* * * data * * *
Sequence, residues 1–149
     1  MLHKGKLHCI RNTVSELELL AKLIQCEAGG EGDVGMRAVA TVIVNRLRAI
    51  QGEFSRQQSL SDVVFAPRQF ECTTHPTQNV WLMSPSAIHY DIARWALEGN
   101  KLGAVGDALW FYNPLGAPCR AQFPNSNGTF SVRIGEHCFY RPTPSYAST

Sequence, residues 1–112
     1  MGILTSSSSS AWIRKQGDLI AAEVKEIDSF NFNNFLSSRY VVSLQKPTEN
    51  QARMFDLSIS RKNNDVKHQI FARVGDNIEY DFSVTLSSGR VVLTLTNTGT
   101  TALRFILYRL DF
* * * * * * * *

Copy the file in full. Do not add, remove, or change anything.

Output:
Sequence, residues 1–149
     1  MLHKGKLHCI RNTVSELELL AKLIQCEAGG EGDVGMRAVA TVIVNRLRAI
    51  QGEFSRQQSL SDVVFAPRQF ECTTHPTQNV WLMSPSAIHY DIARWALEGN
   101  KLGAVGDALW FYNPLGAPCR AQFPNSNGTF SVRIGEHCFY RPTPSYAST

Sequence, residues 1–112
     1  MGILTSSSSS AWIRKQGDLI AAEVKEIDSF NFNNFLSSRY VVSLQKPTEN
    51  QARMFDLSIS RKNNDVKHQI FARVGDNIEY DFSVTLSSGR VVLTLTNTGT
   101  TALRFILYRL DF